| By Billy Davis
(Editor’s note: The Panolian interviewed House District 11 candidate Joe Gardner last week for the following pre-election story. The other candidate in the race, Teresa Wallace, will be interviewed this week for a story to be published in the Friday, February 23 edition of The Panolian. The run-off election is Tuesday, February 27).
Dr. Joe Gardner bested a field of five candidates to claim a first-place finish in the January 13 special election to fill the District 11 House seat.
Despite his good showing in the election, Gardner, 62, failed to capture 50 percent of the total vote, leading to a February 27 runoff with the second-place finisher, Teresa Wallace of Como.
As the run-off election nears, Gardner spoke to The Panolian about why he is qualified to serve as Panola County’s District 11 representative.
Panolian: Why do you want to be a state representative?
Gardner: I think I can make a difference in our county and in our district.
Panolian: What qualifications would you bring to the job?
Gardner: I would point to my military background, my business background, my education background.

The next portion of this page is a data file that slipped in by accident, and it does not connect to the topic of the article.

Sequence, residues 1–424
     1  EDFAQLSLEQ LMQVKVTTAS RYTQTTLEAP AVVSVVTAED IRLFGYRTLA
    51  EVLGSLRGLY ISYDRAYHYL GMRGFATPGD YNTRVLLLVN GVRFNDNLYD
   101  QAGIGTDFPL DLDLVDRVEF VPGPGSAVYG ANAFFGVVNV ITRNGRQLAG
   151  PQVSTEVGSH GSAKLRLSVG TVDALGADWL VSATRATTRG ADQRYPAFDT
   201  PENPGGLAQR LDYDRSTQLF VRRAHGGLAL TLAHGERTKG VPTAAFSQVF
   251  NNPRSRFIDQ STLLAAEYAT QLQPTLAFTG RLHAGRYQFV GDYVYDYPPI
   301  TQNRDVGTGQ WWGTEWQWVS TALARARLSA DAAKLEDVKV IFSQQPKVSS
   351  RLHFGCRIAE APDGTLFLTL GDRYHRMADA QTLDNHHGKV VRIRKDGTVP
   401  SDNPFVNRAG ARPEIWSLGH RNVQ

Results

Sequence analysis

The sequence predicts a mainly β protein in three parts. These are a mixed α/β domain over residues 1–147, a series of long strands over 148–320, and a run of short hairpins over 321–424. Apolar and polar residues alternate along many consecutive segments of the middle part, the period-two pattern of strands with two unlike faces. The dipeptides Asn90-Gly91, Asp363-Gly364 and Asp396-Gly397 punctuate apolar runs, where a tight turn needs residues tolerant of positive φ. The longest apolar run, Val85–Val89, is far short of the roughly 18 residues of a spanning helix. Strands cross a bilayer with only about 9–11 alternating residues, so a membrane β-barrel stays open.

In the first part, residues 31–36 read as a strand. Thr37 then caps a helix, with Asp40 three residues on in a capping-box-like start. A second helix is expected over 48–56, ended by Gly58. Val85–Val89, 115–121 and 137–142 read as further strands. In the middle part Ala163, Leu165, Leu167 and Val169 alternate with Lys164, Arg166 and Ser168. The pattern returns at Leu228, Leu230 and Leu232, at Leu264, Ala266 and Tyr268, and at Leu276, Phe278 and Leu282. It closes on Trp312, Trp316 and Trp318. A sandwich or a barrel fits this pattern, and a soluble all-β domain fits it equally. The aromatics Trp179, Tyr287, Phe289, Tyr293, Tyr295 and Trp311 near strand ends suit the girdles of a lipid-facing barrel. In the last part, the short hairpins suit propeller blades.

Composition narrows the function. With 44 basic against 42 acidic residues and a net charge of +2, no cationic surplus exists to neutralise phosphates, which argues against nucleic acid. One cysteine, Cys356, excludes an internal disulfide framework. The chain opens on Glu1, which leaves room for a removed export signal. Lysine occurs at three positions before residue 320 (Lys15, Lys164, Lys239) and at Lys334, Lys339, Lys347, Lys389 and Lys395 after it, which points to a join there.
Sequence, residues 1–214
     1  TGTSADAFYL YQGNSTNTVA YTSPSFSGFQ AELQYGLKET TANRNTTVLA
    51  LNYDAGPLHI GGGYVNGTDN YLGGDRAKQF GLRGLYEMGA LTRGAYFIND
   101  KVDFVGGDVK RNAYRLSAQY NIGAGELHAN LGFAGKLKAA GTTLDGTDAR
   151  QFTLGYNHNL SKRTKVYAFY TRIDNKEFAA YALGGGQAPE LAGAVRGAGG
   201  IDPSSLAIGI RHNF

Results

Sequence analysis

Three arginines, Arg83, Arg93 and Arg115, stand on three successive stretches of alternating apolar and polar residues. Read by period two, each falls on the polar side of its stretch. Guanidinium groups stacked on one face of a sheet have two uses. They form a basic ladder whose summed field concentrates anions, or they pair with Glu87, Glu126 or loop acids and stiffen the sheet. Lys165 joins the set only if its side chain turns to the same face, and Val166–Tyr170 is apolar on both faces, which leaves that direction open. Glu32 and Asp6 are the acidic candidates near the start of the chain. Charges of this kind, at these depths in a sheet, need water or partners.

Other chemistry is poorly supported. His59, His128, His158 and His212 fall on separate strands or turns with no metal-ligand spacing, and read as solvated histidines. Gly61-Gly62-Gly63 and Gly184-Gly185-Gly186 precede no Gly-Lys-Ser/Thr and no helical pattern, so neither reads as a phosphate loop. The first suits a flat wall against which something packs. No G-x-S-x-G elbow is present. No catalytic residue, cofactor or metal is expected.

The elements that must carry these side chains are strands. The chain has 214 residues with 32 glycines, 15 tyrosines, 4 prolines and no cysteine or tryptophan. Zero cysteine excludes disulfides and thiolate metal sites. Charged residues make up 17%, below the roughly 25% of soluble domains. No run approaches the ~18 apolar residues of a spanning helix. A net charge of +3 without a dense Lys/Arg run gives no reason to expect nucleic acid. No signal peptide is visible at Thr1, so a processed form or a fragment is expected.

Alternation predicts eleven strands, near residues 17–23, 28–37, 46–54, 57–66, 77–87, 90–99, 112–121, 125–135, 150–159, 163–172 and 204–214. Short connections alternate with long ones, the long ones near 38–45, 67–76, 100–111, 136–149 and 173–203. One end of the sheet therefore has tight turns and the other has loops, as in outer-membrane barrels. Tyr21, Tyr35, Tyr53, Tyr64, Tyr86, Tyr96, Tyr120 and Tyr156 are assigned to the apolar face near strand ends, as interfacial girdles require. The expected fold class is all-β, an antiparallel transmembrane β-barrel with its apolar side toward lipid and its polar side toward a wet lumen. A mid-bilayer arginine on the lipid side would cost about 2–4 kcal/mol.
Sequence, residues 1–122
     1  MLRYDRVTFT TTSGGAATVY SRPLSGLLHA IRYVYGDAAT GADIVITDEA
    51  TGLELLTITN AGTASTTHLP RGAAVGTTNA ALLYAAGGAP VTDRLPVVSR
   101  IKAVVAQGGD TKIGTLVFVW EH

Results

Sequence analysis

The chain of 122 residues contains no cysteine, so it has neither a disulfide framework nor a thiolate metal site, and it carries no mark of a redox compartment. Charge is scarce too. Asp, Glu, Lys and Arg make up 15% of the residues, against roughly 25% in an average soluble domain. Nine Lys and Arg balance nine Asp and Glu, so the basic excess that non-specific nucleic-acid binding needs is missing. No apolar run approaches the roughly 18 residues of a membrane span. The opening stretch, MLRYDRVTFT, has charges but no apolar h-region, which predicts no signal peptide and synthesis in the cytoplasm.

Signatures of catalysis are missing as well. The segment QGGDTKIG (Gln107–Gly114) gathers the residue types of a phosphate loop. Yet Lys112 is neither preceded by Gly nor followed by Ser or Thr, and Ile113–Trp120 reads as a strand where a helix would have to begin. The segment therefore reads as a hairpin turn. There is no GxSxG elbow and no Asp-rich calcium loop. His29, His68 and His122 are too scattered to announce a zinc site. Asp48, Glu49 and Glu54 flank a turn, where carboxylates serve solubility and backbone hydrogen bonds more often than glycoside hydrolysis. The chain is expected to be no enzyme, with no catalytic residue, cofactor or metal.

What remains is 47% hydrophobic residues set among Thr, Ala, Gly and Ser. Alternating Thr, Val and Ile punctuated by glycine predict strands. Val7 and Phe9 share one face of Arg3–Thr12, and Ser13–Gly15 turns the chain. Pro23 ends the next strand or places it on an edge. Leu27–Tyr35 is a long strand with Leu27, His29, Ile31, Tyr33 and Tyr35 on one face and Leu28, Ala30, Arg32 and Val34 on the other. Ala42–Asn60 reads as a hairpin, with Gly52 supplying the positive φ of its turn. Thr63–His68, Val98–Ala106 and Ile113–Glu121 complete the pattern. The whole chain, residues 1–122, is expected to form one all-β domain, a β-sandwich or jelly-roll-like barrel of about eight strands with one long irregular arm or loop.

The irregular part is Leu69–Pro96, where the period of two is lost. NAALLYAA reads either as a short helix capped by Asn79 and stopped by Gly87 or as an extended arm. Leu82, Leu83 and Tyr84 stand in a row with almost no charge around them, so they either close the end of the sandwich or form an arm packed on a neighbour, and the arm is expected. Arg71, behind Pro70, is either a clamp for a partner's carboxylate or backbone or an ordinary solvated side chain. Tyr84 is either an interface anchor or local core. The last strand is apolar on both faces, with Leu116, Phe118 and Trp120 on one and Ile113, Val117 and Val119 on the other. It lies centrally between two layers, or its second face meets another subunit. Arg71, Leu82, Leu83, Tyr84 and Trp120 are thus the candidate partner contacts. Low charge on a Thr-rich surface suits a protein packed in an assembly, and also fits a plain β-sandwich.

Panolian: Let’s break those down one by one. Describe your background in education.
Gardner: I taught biology in the North Panola School District and was an administrator there at Como Elementary (School,) where I was vice principal. I retired after 28 years.
I have served as a trustee for the South Panola School District since 1993. I am now the vice president.
Panolian: And you earned a bachelor’s degree and master’s degree in biology, and later a doctorate.
Gardner: That’s right.
Panolian: What field is the doctorate and where did you earn it?
Gardner: It’s a doctorate in school administration from Southwestern University, which is in Louisiana.